Father Boylan’s Introduction to Psalm 34
Posted by Dim Bulb on August 16, 2012
Please note that the spelling of names follows the old Grecianized form.
PEACE AND JOY IN THE FEAR OF THE LORD
THIS is the fourth of the alphabetical psalms. As in Psalm 25, the last verse is supernumerary, and a liturgical addition; as in Psalm 25, also, the sixth or vau-verse is wanting. The poem consists of two parts. The first (Ps 34:2-1 1) thanks the Lord for gracious help and rescue given to a loyal and lowly worshipper; the second (Ps 34:12-21) is didactic, reminding one of the Book of Proverbs. The poem teaches generally that happiness in life is to be attained only through God-fearingness of conduct. The good may, indeed, fall into misfortune, and be overtaken by grief, but in the end, the Lord brings them help, and makes their faces radiant with gladness.
The general structure and tone of the psalm are regarded by most modern critics as indicating a late date. The title in verse 1 ascribes the origin of the poem to the period of David’s life when he fled to the court of the Philistine king, Achish of Gath (see footnote 1). This first verse is, undoubtedly, a very ancient testimony to the Davidic origin of the psalm, and the gnomic style of the second part of the poem is no genuine indication of a postexilic date. It is true, however, that the references in the poem are strangely general if they are really due to David’s experiences in the Court of Achish. The psalm is intended to serve as an encouragement and as a consolation to the pious (Sancti), the God-fearing Israelites. The “rich”‘ and “evildoers” and “sinners” may be either foreigners (and, therefore, foes of the Israelite people), or godless Israelites.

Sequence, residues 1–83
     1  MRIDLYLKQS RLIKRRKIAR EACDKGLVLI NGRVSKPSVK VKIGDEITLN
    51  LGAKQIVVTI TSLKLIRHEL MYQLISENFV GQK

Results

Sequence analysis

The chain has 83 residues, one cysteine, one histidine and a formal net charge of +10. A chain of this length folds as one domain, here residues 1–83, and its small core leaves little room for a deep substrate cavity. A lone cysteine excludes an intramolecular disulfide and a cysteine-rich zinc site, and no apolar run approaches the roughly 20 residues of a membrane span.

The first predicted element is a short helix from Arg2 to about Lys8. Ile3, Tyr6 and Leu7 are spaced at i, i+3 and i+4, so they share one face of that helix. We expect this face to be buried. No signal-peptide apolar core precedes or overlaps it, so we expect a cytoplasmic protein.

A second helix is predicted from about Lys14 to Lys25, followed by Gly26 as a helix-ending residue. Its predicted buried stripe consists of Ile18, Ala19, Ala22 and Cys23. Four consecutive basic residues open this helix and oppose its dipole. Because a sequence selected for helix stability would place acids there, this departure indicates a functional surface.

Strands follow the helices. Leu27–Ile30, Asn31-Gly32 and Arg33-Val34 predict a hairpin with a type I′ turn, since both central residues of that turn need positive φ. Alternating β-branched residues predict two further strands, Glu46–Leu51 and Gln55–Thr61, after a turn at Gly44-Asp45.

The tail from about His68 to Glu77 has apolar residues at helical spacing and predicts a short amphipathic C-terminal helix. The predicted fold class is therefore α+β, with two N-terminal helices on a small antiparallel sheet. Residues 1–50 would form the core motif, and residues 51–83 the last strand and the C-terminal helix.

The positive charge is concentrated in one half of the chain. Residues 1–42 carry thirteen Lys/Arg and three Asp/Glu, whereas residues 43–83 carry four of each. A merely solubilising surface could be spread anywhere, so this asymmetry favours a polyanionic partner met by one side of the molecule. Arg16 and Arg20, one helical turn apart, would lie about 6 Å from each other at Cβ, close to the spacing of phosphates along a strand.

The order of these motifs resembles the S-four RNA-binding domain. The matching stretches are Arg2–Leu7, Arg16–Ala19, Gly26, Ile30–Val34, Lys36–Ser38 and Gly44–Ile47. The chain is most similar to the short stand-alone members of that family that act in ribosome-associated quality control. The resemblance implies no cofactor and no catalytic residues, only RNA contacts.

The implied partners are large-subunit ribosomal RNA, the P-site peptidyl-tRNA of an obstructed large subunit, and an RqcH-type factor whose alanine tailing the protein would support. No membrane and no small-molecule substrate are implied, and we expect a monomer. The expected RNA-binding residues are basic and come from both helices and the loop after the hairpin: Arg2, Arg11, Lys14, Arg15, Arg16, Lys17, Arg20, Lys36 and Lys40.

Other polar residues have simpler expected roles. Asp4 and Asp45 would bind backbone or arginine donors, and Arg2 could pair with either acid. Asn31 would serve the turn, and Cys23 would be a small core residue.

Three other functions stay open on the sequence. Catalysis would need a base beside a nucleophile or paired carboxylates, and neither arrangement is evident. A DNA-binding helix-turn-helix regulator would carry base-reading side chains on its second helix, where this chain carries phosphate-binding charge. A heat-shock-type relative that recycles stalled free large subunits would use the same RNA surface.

Footnote 1~Cf. 1 Sam 21:10-22 where the king is called Achish, not, as here,
Aehimelek. The Septuagint, Massora, and old Latin read more correctly, Abimelech. Possibly Abimelech was a general Hebrew designation for kings. Two different kings of Gerar are called Abimelech in Gen 20:2 and Gen 26. Cf. the parallel cases of Pharaoh and Minos. Abimelech, which means “My father is king,” or “father of the king” would be a suitable designation of foreign kings whose precise names were of comparative unimportance.